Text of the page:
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A Short History of SWALLOW



To mark Disability History Month - and of course our 30th Anniversary! - we have been enjoying looking back at the history of SWALLOW, and how life has changed for people with learning disabilities through the last three decades.


In the beginning

As you may know, SWALLOW became a charity back in 1993. A group of local people with learning disabilities wanted to have more choice and control in their lives, so together with some supporters, they formed SWALLOW. Our name reflects their ambitions – South West Action for Learning and Living Our Way (previously ‘South Wansdyke Learning and Living Our Way’).


Much work had been done before becoming a charity, back in 1992, members of an ‘interest group’ raised funds to employ people with learning disabilities as Office Support Workers. SWALLOW has been striving to create employment opportunities for their members for over three decades.


At around this time, people with learning disabilities were finally moving out of larger institutions into homes in the community here in the UK. Our SWALLOW founders also wanted to live in the community just like everyone else. They also wanted a change from the old day centres that they knew before – something more tailored to their own needs and abilities.


Base House opened in 1993, supported by the Sperring Trust, and was our very first independent living training home. SWALLOW has supported hundreds of people at Base House since then, to gain the skills that set them up for their adult lives. For many, coming to Base House is their first experience of staying away from the family home, and doing things for themselves.


Other positive developments were happening around this time. The Disability Discrimination Act was passed in British law. Its aim was to end the discrimination faced by many disabled people and to guarantee their civil rights.


In 1997, our Redfield Road supported living service was built and SWALLOW members were very excited to move into their brand new homes, each with a flat to call their own. Over the years SWALLOW has been proud to hear a lot of people say ‘SWALLOW helped me to get my own front door key.’


The millennium

As the charity grew, we needed a bigger base and in 2001 SWALLOW moved to the Old Engine House in Westfield. This now provides a centre for both activities and administration.


In 2005 the Mental Capacity Act was passed in law. This stipulated that every adult, whatever their disability, has the right to make their own decisions wherever possible. Things were getting more and more positive in UK law for people with learning disabilities around this time.


Developments at SWALLOW grew apace during the 2000’s. We launched our Work Skills Enterprise Scheme in 2007, enabling people get experience on their journey towards employment. Due to demand, we opened our second supported living space, Hawthorns, in 2009. 2010 saw our very first, and ever-popular, Boogie Nights dance session, as well as Drama and Cookery at Chilcompton.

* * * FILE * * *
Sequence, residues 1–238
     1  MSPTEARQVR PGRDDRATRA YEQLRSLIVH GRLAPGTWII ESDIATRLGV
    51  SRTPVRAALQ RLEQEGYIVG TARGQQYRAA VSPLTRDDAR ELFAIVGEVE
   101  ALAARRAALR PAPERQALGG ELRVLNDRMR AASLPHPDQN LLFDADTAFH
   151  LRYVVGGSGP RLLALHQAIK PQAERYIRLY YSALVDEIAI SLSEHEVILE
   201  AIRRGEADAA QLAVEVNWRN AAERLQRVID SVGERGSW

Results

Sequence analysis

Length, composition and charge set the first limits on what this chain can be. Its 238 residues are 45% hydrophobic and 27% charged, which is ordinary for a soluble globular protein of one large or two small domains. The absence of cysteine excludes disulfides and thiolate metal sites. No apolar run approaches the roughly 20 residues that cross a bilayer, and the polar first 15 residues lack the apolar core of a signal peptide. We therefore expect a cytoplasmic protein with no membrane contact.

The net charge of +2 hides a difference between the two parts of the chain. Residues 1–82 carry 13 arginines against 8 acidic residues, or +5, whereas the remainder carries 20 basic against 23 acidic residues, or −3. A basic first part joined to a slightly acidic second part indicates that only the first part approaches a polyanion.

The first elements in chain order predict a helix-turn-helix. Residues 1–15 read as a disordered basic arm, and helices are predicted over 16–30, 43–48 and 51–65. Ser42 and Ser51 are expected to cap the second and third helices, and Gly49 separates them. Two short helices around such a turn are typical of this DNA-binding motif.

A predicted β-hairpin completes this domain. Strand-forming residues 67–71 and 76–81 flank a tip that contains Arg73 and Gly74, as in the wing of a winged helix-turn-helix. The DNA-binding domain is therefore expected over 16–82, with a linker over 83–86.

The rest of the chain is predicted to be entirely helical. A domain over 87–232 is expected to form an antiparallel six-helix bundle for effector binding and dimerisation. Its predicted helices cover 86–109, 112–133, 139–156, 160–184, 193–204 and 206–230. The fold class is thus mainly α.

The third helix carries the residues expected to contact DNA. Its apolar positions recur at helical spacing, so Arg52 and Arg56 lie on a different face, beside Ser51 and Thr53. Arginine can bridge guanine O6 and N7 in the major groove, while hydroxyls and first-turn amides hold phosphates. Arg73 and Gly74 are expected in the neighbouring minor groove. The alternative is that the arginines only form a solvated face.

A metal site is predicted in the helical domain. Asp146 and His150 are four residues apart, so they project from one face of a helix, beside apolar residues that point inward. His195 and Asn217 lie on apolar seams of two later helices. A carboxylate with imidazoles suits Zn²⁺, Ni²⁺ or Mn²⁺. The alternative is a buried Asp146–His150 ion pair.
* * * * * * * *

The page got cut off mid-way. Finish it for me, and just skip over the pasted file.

All of SWALLOW’s developments over the years have come from working closely with our members, asking them what they want to achieve and developing services that help them to get there.


2014 was another big year for SWALLOW – we opened our very first café in the heart of the community in Radstock, as a training opportunity for our members. We also opened a third supported living scheme, right here in Westfield. Despite the Covid pandemic, SWALLOW also secured a second café at the Hive Community Centre in Peasedown St John!


This is just a brief snapshot of our progress and does not account for the hundreds of individuals that we have had the pleasure of working with over the years – there have been many, many success stories!


Nationally over the last couple of decades, there have been lots of fantastic developments happening as well. The very first UK mayor with a learning disability, Gavin Harding, was appointed in Selby, West Yorkshire. James Martin became the first actor with Down’s Syndrome to win an Oscar. Ralph & Katie was the first BBC prime time TV show to feature two lead actors with learning disabilities. People with learning disabilities have much greater freedoms, visibility and increased rights now than they did before the 1990’s.


Looking to the future

However, as we look to the future, we know there is still so much more to achieve. The following statistics show that there is still huge inequality for people with learning disabilities in the UK today.


Employment

Still only 5.1% of people with learning disabilities are in paid employment in England, despite 60% wanting to work.

Health inequality

Even before Covid-19, people with a learning disability faced serious health inequalities and had a significantly lower life expectancy.

Loneliness

Shockingly, a 2019 study by Mencap suggests that 1 in 3 young people with a learning disability spend less than 1 hour outside their home on a typical Saturday.

Hate Crime

According to Mencap, as many as 9 out of 10 people with learning disabilities have been a victim on a hate crime and/or harassment.


We know that these are upsetting statistics, but it makes everyone at SWALLOW even more eager to continue our work I the community, increasing understanding of the skills and talents of people with learning disabilities.


If you support SWALLOW you will help us to build a fairer society for people with learning disabilities for the next 30 years and beyond.


Please visit our Support Us page to see all the ways that you can get involved!



The first residents at our Base House, Redfield Road being built, opening our Radstock Cafe.


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